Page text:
She was a Fulbright scholar in 1990 and visiting Professor at the University of Pittsburgh. She was awarded the title of Ambassador of Science of the Republic of Slovenia in 1997. She is a member of the European Academy of Sociology. Her interests include multivariate analysis (constrained and multicriteria clustering), social networks (measurement quality and blockmodeling), and survey methodology (reliability and validity of measurement). She is the co-author of the monograph "Generalized Blockmodeling" published by Cambridge University Press (2005), which won the Harrison White Outstanding Book Award 2007, given by the Mathematical Sociology Section of the American Sociological Association.
|Plenary Lecture||Cliff Konold|
Cliff Konold is Research Professor in the Scientific Reasoning Research Institute at the University of Massachusetts Amherst. A psychologist by training, he studies how people reason and learn about chance and data, and applies this research to the design of educational materials and software. He led the team that created TinkerPlots, which he continues to develop with grants from the National Science Foundation. For the past 3 years, he has been working in a local public school with students aged 12 to 14 trying to teach them something and then figuring out what they really learned.
|Plenary Lecture||Jessica Utts|
Jessica Utts is a Professor in the Department of Statistics at University of California, Davis, where she has been on the faculty since 1978. She is very interested in applied statistics, is well known for her interest in statistics literacy and has published most extensively on the use of statistics in parapsychology. For example in 1995, with Professor Ray Hyman (University of Oregon), she prepared a U.S. Government sponsored report assessing the statistical evidence for psychic functioning in research which received wide-spread media coverage. She has written several illuminating statistics books including “Seeing Through Statistics” and with Robert Heckard “Mind On Statistics”.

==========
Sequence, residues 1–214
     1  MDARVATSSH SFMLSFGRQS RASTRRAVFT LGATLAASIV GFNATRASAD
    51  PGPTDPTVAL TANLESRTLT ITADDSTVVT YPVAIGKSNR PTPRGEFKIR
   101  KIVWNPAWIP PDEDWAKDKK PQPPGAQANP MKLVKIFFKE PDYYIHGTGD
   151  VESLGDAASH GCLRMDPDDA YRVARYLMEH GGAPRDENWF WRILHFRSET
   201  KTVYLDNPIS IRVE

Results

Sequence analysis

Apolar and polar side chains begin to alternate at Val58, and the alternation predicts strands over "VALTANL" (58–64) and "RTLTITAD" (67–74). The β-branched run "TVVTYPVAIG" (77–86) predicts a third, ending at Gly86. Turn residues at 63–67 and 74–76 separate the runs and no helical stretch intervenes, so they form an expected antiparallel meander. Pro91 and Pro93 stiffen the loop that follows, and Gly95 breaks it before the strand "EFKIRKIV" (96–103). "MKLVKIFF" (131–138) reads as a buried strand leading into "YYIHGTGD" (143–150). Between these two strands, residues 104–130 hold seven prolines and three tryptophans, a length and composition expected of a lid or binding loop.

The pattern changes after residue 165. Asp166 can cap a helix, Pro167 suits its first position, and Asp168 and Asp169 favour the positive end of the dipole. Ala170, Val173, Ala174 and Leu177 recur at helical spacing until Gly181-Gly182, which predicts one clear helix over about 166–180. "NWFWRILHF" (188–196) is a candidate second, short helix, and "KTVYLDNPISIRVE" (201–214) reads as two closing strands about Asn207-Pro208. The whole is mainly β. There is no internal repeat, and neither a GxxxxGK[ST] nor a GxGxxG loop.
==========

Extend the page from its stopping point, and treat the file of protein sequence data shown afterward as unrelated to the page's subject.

|Panel Discussion||Chris Wild|
Chris Wild did his undergraduate and Master’s degrees at Auckland and then completed a PhD at the University of Waterloo in Canada before joining what was then the Statistics Unit of the Department of Mathematics in 1979. He has been here ever since except for visiting appointments at the University of Waterloo (1996, 1993 and 1989), the University of Washington (1983) and Birkbeck College, University of London (1983).
Currently, his main research interests are in developing methods for modelling response-selective data (e.g. case-control studies) and missing data problems, and in additive model extensions to multivariate regression techniques. A long term interest in the teaching of statistics has also developed into a research interest with particular emphasis on statistical thinking and reasoning processes.
He is a Council member of the International Statistical Institute, a Fellow of the Royal Society of New Zealand, and was President of the International Association for Statistics Education (IASE) from 2003 to 2005. He is currently an Associate Editor of the International Statistical Review, and has been an Associate Editor of Biometrics, the Statistics Education Research Journal (SERJ), and the Australian and New Zealand Journal of Statistics. He was Head of Auckland’s Department of Statistics 2003-2007 and co-led the University of Auckland’s first-year statistics teaching team to a national Tertiary Teaching Excellence Award in 2003.